Tuesday, August 23, 2011

Random Thoughts About the Canter

I'd like to preface this writing by reminding everyone that I am no horse expert. BUT, I did stay at a Holiday Inn last night, so...

I am now going to espouse my opinions, based on observation. Specifically, I want to address the issue of a horse's cantering, or rather their willingness or reluctance to do so.

Have you ever considered this test? What would your horse do if you caught him from the pasture or stall, picked his hooves and tacked him up, mounted him, and then proceeded to canter the horse away from the barn? This is without any warm up, absolutely "cold back" riding.

Now I'm sure some of you are starting to shudder at the mere thought of trying this test with your horse. And I'm not suggesting you try it. But I'd be interested to hear your response. And I'll tell you what each of my horses would do below.

My 17 year old gelding, Woody, would canter off easily. He might get high-headed for a bit, but there would be no tail swishing, no cow kicks, and no bucking. I consider this the gold standard. This horse is truly good and broke. He side passes both directions, trailer loads and unloads without difficulty, leads well and will trot while led, yields his hindquarters, will cross over his front legs, stops with my seat, rides collected, neck reins, and rides best in a curb bit. He picks up his feet for picking like no horse I've ever seen. His only fault is that he can get high-headed until reminded to flex at the poll, and he has no cow in him. But by every measure, he is a completely broke horse. He has NEVER in the time I have owned him, bucked, cow kicked, or reared when asked to do anything. Enough said.

Now for the another end of the spectrum, my newly acquired, 4 year old gelding Joey. He is a good horse. But if I were to canter him off cold backed, and I hadn't worked him in several days, I would be grabbing for my night latch just in case he might buck. He's not a bad horse, but he isn't completely broke. He might buck, he might not. But I don't have the confidence in him that I do in Woody. Joey is only fair (but getting better) at trailer loading. But I can't say that I've successfully loaded him in every kind of trailer. He picks up his feet well, without any tail swishing. He side passes well. But he still has trouble with lead departures and he tends to lift his head when changing gaits. In other words, he has great potential, but he still has a lot to learn, and therefore I don't consider him completely broke.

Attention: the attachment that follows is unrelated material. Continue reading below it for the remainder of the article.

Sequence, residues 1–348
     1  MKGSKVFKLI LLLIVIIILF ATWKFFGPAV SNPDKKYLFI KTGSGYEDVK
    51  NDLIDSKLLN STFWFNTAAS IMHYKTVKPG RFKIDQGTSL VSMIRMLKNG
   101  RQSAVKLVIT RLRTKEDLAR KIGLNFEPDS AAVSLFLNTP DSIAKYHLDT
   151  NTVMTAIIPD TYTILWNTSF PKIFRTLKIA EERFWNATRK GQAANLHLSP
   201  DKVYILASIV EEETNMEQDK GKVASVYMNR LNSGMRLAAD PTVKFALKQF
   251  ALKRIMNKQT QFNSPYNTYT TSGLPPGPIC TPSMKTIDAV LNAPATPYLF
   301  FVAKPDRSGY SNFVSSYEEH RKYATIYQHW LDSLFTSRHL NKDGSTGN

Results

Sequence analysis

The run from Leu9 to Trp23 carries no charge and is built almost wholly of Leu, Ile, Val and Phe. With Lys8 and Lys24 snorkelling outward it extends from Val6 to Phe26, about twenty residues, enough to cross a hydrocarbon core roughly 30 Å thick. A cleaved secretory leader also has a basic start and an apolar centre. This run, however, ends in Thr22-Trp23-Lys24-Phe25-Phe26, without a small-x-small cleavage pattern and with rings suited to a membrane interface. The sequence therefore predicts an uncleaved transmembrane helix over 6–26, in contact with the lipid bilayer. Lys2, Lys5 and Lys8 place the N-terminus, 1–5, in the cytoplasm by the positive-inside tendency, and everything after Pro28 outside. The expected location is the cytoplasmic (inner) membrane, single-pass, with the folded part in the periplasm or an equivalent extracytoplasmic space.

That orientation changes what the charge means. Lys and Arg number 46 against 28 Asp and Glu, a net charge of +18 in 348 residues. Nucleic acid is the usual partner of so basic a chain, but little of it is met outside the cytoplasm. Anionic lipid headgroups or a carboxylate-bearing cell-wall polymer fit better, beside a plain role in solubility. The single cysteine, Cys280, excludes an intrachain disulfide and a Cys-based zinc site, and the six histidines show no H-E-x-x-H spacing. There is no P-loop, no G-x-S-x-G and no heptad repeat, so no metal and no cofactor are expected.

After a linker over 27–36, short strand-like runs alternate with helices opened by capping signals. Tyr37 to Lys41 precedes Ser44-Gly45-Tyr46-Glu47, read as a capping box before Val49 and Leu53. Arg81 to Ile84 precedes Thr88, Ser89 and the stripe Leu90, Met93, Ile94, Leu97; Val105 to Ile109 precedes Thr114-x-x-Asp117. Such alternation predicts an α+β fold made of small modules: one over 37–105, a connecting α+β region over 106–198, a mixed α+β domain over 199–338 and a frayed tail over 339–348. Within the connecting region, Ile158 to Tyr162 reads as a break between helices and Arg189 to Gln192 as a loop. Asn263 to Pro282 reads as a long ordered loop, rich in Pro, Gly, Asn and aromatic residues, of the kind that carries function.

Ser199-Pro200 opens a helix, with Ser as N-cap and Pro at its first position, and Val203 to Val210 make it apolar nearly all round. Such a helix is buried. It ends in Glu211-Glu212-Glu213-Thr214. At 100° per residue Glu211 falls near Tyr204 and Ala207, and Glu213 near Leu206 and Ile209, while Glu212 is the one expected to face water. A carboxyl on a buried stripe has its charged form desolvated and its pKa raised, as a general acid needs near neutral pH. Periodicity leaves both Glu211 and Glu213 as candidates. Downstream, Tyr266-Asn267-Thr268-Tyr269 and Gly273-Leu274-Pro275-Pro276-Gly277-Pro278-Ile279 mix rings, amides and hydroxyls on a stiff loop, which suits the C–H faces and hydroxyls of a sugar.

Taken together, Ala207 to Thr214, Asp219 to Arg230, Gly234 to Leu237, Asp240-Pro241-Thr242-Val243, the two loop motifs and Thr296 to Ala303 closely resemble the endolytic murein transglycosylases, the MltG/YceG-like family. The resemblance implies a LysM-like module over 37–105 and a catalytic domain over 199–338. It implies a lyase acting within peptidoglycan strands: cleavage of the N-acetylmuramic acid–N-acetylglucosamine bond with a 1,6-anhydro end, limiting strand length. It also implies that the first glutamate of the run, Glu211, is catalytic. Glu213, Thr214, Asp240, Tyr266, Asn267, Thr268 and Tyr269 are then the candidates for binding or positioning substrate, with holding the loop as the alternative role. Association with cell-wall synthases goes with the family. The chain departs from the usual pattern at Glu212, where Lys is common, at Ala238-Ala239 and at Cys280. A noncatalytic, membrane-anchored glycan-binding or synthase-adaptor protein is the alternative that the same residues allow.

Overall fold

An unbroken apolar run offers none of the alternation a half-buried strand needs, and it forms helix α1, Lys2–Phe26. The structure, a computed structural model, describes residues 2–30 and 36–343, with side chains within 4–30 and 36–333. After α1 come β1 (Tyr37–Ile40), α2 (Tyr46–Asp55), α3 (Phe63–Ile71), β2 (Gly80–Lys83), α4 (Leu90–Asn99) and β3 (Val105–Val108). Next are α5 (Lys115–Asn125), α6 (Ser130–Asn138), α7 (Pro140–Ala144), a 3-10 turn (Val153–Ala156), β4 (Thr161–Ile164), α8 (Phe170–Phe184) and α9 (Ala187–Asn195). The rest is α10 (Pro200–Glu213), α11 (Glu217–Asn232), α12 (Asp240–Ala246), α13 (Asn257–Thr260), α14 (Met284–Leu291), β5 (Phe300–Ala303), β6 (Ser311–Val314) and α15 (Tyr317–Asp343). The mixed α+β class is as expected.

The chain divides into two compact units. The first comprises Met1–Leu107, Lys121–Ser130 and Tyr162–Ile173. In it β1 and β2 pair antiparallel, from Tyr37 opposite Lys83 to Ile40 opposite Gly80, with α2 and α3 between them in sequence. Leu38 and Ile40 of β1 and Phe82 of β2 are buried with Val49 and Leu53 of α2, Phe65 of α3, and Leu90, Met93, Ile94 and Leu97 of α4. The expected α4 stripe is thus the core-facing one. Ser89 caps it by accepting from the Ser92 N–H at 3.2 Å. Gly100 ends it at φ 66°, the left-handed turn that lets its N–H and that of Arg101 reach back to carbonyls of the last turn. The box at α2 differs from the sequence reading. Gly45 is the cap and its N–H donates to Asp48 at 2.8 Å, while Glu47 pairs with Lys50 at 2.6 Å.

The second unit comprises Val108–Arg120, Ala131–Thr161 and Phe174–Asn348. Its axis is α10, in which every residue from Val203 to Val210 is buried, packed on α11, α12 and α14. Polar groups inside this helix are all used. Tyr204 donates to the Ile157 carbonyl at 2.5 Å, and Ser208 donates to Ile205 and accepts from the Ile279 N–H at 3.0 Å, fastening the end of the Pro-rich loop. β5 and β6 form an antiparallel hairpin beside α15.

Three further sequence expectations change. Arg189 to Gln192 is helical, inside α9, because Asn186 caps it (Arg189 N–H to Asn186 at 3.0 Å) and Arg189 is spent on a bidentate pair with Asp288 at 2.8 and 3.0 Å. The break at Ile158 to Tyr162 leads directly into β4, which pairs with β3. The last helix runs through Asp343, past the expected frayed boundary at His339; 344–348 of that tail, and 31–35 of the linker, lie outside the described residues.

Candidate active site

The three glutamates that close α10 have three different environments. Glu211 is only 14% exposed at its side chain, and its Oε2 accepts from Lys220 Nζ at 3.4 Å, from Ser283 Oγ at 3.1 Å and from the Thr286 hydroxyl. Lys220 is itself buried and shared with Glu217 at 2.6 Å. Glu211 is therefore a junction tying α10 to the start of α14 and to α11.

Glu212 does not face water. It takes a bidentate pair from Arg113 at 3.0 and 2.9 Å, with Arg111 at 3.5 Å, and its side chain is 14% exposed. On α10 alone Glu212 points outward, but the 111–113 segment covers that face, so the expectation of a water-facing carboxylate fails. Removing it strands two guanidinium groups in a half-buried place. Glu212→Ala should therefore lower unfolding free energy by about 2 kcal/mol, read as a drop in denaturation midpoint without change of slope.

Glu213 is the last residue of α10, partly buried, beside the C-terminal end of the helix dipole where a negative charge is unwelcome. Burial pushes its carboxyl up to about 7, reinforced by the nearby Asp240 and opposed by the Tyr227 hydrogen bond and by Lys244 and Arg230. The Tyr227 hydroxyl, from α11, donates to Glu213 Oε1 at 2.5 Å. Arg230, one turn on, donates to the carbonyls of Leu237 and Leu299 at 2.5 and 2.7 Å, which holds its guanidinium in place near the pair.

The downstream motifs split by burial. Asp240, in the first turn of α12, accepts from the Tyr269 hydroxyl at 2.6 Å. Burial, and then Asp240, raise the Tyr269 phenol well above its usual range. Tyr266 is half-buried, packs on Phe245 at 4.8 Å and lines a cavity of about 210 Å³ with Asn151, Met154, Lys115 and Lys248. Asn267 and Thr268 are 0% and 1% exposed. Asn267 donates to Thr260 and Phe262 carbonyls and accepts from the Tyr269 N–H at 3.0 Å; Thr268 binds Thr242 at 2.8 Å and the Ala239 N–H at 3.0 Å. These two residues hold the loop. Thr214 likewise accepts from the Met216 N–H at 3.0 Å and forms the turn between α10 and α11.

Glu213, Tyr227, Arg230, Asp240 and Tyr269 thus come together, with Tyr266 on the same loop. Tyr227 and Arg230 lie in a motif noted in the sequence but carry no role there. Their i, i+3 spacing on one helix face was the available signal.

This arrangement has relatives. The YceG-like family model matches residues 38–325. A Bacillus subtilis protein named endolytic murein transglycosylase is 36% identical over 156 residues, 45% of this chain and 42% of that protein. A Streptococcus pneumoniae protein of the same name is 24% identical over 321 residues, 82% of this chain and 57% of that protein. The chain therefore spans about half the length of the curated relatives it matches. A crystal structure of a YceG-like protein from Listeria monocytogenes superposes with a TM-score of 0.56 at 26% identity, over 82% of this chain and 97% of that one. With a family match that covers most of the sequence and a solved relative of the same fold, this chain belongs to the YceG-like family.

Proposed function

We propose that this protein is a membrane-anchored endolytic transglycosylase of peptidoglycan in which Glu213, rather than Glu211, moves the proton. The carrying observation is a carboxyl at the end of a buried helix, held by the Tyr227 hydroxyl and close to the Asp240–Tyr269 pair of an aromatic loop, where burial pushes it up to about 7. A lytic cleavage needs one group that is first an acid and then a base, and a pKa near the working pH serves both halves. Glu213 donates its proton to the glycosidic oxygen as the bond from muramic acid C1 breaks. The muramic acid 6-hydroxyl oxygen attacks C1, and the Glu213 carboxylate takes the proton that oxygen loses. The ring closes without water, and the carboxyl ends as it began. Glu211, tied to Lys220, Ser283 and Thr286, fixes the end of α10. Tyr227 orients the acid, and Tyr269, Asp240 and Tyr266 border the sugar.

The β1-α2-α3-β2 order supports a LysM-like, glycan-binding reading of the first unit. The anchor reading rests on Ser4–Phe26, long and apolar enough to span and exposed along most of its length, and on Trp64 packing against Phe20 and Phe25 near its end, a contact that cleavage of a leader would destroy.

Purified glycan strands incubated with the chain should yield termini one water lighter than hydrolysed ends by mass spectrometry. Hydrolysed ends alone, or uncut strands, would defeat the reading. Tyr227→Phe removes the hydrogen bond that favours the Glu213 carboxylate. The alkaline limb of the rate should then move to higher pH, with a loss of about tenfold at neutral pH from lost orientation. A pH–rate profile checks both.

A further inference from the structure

My other two horses are in the middle of the spectrum, but closer to truly broke.

My point is that too often I hear people making excuses for why their horse cow kicks going into the canter. Or a horse that bucks when asked to canter. Or is reluctant to canter. I'll bet you good money that those same horses don't do a LOT of things well. It would be a rare horse that can do everything that my horse Woody can do AND still cow kicks or bucks going into the canter. To me, showing tail swishing, cow kicking, bucking going into the canter, are all just signs of willful disobedience (assuming always that health issues have been eliminated).

Now don't get me wrong; it's not that I think the horse that shows reluctance to canter is a "bad" horse. In the case of my horse Joey, he's just young. He sometimes goes too long between riding, and he has to have the "fresh" worked off him before he performs at his best and gets "right in his head" and submits to my leadership. But I do NOT imagine for one second that he isn't a potentially dangerous horse, or that he is safe as my bed at home and a truly broke horse. He is NOT.

And just because a horse is older does NOT mean they are truly broke. Older horses can be as dangerous as young ones. But I DO think even the best of young horses cannot be considered truly broke until they have some age and miles on them. It's just that they don't have enough experience. A 4 year old that shows great temperament MIGHT be a future Woody, but I can't say that at 4 years of age. Too much can still go wrong, there are too many new experiences that might overwhelm a younger horse.

So if your horse can't do all the things that Woody can do, if you can't jump on your horse cold back and canter away from the barn, then stop fooling yourself that you have a dead broke, safe as your bed at home horse. What you have is a horse that is still dangerous, and needs your work and attention.

So what are you going to do to make your horse super broke? Do you even care if your horse does the occasional cow kick or buck going into the canter? Have you given up on cantering because you fear what will come next? Have you become satisfied with walking and trotting only?